Seal evolution in the Pacific Northwest

January 19, 2016 | Burke Museum

It is fairly common to spot seals and sea lions swimming or sunning themselves along the shore of the Pacific Northwest. But what can the fossil record tell us about how seals and sea lions evolved into the animals they are today? Paleontologist Dr. Robert W. Boessenecker, an adjunct professor at College of Charleston, is studying this group of mammals—known as pinnipeds—to further understand their evolution and extinction events, which will ultimately help us to better anticipate the future for these species.

In early January, Robert traveled from South Carolina to visit the Burke’s extensive paleontology collection after receiving a Burke Museum vertebrate paleontology study grant. The Pacific Northwest has some of the best fossil records of early pinnipeds ranging from 30 to 7 million years ago, and the Burke is home to many of these fossils.

The oldest pinniped fossils are generally small, otter-sized seals known as Enaliarctos. Thought to have given rise to all later groups of pinnipeds—receiving the nickname “Grandfather seals.” Studying this group has exciting potential for better understanding how, when and why they evolved.

“One of the specimens I am studying is a surprisingly young (geologically speaking) record of Enaliarctos,” he said. “It consists of a small slab with nice mandibles and a scattering of vertebrae.” The fossil was found in the Astoria Formation, a 16 million-year-old site along the coast of Oregon. Robert estimates that the specimen is perhaps 5-6 million years younger than previous published species of Enaliarctos.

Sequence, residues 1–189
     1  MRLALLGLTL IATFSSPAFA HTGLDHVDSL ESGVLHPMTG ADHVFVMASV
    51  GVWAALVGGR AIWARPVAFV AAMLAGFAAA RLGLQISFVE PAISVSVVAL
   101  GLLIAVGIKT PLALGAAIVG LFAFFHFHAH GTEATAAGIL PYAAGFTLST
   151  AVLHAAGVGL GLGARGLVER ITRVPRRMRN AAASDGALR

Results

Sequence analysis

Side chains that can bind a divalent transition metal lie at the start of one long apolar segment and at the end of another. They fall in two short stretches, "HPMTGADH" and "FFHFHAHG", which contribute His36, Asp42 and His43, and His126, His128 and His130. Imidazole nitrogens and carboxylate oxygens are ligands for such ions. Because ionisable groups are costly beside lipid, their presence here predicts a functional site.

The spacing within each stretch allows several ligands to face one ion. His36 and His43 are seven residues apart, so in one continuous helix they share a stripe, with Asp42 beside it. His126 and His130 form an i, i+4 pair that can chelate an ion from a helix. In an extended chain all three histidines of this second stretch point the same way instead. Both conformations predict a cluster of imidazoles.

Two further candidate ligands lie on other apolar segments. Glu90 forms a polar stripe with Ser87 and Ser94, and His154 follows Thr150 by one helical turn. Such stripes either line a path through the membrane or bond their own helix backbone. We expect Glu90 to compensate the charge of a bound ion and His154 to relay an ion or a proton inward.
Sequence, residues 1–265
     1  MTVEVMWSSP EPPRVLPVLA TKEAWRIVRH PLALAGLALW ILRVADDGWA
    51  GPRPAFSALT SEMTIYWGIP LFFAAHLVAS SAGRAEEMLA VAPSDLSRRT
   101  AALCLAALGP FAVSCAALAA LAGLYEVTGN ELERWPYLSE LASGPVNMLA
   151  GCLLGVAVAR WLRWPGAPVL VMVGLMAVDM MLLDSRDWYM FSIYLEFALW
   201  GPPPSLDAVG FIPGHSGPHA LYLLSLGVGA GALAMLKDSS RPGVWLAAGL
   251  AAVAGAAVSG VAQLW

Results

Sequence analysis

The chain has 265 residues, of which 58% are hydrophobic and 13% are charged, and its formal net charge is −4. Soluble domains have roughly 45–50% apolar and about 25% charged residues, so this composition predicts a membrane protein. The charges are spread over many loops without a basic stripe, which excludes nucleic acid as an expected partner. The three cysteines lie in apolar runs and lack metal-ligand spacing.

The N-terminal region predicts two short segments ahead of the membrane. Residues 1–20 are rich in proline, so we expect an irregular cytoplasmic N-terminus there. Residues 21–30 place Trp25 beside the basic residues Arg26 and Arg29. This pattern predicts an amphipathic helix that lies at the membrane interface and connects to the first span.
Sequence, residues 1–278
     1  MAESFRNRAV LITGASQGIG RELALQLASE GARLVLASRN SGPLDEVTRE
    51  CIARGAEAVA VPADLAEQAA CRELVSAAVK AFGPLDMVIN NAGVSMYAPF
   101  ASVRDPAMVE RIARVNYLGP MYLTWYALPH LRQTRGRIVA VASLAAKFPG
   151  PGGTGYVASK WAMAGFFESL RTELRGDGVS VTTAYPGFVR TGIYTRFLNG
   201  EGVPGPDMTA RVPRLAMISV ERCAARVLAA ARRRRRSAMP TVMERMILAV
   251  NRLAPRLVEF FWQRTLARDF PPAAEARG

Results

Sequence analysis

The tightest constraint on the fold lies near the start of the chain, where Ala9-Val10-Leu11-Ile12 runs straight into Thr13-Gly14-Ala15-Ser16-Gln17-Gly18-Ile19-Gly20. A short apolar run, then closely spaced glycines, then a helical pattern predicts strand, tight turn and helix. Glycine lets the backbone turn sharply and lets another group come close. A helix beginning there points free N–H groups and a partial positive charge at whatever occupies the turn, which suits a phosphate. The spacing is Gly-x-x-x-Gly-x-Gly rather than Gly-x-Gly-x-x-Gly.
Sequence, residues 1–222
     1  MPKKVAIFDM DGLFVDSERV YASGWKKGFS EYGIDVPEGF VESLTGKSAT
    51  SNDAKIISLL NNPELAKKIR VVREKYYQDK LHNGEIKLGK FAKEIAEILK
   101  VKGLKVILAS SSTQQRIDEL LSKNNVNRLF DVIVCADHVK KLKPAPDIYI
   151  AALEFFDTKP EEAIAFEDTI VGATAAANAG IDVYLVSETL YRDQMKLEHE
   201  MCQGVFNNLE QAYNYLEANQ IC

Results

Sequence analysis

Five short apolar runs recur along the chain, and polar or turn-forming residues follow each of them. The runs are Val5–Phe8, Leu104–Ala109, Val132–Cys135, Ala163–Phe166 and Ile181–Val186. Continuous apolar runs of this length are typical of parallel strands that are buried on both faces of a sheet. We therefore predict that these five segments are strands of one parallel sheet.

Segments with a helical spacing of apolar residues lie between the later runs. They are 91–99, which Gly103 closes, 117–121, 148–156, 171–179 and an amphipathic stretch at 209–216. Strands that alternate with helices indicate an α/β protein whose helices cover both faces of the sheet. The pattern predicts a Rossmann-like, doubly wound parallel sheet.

“This fossil indicates that the most primitive pinnipeds survived much longer than previously thought,” he said, but “it is unclear whether it is a new species or not.”

On a much larger scale, Robert is also studying a large, sea lion-like pinniped (Allodesmus) in the Burke’s collection. These large-bodied creatures lived 23 to 15 million years ago and were comparable to the size of modern Steller sea lions. They were deep-diving seals—hence their enormous eye sockets—and are extinct today.

“The second specimen I’m studying is a partial skeleton from Grays Harbor, Washington, of the genus Allodesmus,” he said.

A “spectacular fossil” according to Robert, it includes a skull with articulated jawbones, two-thirds of the spine and much of the ribcage. “This specimen represents the most recent fossil record of Allodesmus and extends the range from about 15 million to 9 million years.”

“The common theme here is that we do not understand why—or when—either went extinct,” Robert said. “Both of these fossils will inform us about the late survival, and ultimately, the extinction of each group of seals.”

See more fossils in the Vertebrate Paleontology collection or learn more about the Vertebrate Paleontology Collection study grant.